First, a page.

Battle Mountain savors the skiing title |

Battle Mountain savors the skiing title

Battle Mountain boys skiing celebrates its first state title in 14 years on Friday night in Summit County.
Special to the Daily |

The day after Battle Mountain boys skiing’s first state championship in 14 years it snowed.

That was kind of appropriate.

And as an added bonus, the Huskies actually got the trophy this time. (In 2001, CHSAA calculated the points in error and initially gave the thing to Summit County before trophy finally made it over Shrine Pass.)

“It was honestly 100 percent better to win the team title,” Sands Simonton said. “I was talking with some of my teammates and we all decided that it’s kind of hard to believe, grasping that. Holding the trophy is a whole different thing.”

And this is not coming from some starry-eyed kid. Simonton is now the two-time giant-slalom state champ, won slalom last year at state and happily finished second behind teammate Quintin Cook on Friday in the discipline.

But it’s a happy disbelief.

“I still can’t believe it,” said senior Cameron Moore, who led a tremendous performance on the Nordic side all season. “After putting in four years, trying to reach this goal, it’s pretty big.”

This is Battle Mountain’s first state title since the boys soccer team went 20-0 in 2012, which means these guys will get a mural-sized picture of themselves up on the wall at the school. Say cheese, fellas.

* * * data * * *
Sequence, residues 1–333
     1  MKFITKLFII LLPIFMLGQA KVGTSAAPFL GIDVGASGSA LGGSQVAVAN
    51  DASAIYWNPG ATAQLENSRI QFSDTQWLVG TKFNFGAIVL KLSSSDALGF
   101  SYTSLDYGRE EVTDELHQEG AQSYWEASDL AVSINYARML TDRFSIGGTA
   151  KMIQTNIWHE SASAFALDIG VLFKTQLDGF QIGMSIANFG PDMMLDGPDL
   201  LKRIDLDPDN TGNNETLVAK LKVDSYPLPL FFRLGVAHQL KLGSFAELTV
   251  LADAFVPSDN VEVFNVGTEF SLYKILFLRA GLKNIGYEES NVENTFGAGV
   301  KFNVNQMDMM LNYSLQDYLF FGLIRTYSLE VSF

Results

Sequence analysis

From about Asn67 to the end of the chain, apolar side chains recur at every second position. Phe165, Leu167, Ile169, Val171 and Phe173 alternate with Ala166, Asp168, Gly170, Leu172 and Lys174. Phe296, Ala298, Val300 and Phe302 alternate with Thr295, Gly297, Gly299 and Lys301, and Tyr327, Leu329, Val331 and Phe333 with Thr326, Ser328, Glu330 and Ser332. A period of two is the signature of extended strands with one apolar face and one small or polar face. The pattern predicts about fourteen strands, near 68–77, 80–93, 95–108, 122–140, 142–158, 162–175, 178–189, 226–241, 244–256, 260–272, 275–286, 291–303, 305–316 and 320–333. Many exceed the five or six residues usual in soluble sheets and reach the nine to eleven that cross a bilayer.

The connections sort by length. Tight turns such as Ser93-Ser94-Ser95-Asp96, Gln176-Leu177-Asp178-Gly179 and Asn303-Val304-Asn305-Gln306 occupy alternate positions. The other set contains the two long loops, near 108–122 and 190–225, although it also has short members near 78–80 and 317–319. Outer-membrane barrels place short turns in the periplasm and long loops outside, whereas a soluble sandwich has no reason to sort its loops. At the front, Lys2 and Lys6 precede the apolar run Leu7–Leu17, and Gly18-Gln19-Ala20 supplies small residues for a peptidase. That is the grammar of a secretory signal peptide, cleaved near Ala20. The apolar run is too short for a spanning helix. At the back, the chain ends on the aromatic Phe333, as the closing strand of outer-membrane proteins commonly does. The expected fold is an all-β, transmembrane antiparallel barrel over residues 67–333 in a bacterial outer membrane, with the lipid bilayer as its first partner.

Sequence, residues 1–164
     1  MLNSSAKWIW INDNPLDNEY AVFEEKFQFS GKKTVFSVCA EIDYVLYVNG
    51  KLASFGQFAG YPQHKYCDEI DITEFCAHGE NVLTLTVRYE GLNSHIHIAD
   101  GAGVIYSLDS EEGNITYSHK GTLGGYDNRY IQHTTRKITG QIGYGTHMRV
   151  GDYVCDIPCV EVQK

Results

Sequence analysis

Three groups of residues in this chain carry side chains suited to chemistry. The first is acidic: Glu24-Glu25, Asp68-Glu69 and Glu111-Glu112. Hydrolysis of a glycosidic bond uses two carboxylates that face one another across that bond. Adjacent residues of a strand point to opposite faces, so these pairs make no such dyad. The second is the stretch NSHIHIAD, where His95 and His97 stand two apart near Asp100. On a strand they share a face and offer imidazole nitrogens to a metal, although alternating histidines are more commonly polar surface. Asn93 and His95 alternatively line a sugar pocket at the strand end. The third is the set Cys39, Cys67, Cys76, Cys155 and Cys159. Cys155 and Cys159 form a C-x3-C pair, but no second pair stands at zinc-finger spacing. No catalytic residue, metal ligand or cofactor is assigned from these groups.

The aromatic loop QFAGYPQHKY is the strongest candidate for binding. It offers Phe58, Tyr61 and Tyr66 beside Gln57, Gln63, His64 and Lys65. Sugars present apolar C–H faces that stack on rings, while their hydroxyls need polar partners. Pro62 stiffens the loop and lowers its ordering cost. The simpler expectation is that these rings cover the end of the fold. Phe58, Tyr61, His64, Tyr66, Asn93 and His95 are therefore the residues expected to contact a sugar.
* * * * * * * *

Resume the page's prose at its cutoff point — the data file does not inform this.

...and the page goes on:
The quest

Battle Mountain does have a storied history in skiing — the school has six crowns now on the boys’ side and four from the ladies, who were third this week behind Summit County and Aspen.

The issue has always been finding the Nordic side of the equation. The Battle Mountain campus, be it in Minturn, Eagle-Vail or Edwards, has always been located in the shadow of the slopes, and the Huskies have a slew of good alpinists.

And when young master Moore was a freshman, Battle Mountain Nordic was in the basement.

“The practices, they are hard, very demanding, but you try to make the most of it,” Moore said. “During races you have to focus in. It takes a lot to execute what you want to do. It’s one of the most demanding sports.”